A survey commissioned to gauge perceptions of global risks, including climate change, weapons of mass destruction, and AI.
- Across all eight countries, six adults in ten (59%) consider the world to be more insecure today compared with two years ago, the same proportion as said so last year (61%). This perception is highest in Brazil (75%), Russia (69%) and Germany (69%).
- Politically motivated violence has risen to become the most concerning risk (88%), driven mostly by rising concern in European countries like Russia (93%) and Germany (90%).This is likely the result of growing instability in the Eurozone, as well as ongoing tension in Syria, Ukraine, and North Korea. Developing countries are mostly insulated from the increase in concern around violent conflict; instead, they tend to be more worried than developed countries by climate change (89% vs 81%) and other large scale environmental damage (86% vs 80%).
- China has grown substantially in confidence – it is the only country where more people say that the world is more secure than say it is more insecure than two years ago (39% more secure vs 36% less secure). The increase in confidence is generated almost entirely by millennials, underlining the scale of recent change in the country.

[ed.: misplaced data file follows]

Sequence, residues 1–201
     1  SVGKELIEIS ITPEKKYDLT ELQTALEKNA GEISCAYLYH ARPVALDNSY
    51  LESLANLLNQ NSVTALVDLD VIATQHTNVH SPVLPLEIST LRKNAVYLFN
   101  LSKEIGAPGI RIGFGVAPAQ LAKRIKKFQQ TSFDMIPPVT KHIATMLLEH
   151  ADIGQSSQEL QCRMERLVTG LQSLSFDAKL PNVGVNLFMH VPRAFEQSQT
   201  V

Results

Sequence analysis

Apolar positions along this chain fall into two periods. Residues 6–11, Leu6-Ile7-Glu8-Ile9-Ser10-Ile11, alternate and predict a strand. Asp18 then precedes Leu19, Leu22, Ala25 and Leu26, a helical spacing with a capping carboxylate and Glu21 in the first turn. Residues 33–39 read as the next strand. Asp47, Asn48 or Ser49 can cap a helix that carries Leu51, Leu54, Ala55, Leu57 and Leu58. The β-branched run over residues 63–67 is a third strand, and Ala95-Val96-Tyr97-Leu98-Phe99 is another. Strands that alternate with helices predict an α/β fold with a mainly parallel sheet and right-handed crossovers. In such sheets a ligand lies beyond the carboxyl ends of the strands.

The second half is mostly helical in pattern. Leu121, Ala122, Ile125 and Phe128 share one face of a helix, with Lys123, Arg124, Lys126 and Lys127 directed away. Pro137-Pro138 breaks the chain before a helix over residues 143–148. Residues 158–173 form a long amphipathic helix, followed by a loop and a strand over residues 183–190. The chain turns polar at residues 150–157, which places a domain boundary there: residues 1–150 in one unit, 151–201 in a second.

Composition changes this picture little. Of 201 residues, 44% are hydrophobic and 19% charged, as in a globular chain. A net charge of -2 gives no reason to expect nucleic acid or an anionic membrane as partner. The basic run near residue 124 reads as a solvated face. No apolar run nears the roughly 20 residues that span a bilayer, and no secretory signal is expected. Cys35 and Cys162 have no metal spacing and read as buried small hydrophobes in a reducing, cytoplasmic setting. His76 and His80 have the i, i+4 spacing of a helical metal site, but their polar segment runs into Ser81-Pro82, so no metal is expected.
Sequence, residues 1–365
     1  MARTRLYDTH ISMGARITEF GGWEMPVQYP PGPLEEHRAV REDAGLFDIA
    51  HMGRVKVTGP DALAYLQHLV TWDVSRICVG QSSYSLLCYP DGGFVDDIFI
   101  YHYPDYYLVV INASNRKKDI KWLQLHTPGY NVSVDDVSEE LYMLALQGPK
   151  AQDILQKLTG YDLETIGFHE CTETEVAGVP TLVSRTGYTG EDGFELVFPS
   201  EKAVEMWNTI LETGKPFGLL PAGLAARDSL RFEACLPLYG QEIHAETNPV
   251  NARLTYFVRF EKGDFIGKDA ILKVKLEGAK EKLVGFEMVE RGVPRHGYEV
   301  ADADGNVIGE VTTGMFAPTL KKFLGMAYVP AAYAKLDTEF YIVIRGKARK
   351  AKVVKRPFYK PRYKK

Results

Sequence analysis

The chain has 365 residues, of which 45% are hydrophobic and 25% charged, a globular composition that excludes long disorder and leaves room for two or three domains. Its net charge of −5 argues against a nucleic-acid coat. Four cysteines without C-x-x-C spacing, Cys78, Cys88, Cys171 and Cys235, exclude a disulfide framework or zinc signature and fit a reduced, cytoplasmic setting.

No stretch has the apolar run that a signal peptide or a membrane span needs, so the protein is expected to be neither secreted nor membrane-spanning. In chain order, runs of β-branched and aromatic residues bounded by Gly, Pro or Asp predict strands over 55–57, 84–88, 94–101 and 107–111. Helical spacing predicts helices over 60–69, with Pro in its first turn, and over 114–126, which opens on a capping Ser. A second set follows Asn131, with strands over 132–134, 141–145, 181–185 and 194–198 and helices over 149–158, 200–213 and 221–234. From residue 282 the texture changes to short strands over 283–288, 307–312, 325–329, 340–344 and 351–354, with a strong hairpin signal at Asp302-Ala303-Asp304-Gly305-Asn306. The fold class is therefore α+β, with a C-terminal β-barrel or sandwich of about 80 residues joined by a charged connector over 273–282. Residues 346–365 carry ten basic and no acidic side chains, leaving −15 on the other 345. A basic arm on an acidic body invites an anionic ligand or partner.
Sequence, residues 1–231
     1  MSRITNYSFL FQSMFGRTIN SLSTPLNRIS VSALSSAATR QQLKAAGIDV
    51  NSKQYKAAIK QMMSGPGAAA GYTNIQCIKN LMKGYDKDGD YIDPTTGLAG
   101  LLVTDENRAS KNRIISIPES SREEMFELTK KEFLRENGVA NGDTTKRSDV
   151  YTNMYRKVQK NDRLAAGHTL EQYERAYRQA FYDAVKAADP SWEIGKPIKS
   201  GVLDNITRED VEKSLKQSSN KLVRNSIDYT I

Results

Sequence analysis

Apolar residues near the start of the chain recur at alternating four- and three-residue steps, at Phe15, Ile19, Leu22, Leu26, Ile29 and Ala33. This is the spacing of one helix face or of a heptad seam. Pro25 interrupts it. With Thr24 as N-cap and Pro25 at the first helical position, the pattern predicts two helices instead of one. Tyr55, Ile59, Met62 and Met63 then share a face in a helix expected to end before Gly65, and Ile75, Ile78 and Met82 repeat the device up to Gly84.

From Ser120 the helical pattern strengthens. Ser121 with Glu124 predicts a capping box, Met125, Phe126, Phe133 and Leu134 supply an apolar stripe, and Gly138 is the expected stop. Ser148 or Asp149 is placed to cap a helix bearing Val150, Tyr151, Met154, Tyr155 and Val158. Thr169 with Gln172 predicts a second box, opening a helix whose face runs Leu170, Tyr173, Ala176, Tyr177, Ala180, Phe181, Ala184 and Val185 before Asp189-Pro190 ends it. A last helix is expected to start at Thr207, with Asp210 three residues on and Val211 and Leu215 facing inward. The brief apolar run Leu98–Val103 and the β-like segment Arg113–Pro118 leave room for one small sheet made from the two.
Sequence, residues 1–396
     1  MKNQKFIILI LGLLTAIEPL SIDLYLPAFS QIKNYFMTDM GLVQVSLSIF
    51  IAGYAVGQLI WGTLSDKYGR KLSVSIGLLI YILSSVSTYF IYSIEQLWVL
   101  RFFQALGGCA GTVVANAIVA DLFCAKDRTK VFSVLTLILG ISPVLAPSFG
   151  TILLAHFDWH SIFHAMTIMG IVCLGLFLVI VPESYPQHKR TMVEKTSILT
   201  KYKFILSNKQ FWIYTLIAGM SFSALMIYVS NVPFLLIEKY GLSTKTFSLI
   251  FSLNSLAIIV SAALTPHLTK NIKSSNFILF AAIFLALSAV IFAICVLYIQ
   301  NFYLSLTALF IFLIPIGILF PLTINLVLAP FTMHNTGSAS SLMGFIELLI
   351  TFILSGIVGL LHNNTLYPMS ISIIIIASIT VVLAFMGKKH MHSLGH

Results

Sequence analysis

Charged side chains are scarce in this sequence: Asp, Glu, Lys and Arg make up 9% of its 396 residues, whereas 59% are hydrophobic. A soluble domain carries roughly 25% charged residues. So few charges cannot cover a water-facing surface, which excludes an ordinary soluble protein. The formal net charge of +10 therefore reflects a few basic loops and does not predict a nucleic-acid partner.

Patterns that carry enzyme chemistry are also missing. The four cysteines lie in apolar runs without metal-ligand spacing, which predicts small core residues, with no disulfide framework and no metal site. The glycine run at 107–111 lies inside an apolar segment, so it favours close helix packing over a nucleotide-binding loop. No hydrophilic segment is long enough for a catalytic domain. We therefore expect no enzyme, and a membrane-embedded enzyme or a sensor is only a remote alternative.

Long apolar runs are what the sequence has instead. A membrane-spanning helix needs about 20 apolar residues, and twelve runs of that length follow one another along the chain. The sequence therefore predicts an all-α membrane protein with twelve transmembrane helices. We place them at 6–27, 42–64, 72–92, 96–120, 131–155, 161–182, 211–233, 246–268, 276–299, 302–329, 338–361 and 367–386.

- Opinions in the US are increasingly divided between the coastal regions and the American heartlands and by gender, further evidence of US President Donald Trump’s impact on perceptions of global security.
Date Published: 12/07/2018
Categories: International | Politics | Public and communities | Technology & Telecoms
Client: Weber Shandwick on behalf of the Global Challenges Foundation
Methodology: An online survey of 10,030 adults aged between 18 and 64 was conducted in Australia, Brazil, China, Germany, India, Russia, South Africa, Sweden, the UK, and the US, between 16 April and 27 April 2018. The data were weighted to be nationally representative of the population in each of the countries by age, gender and region.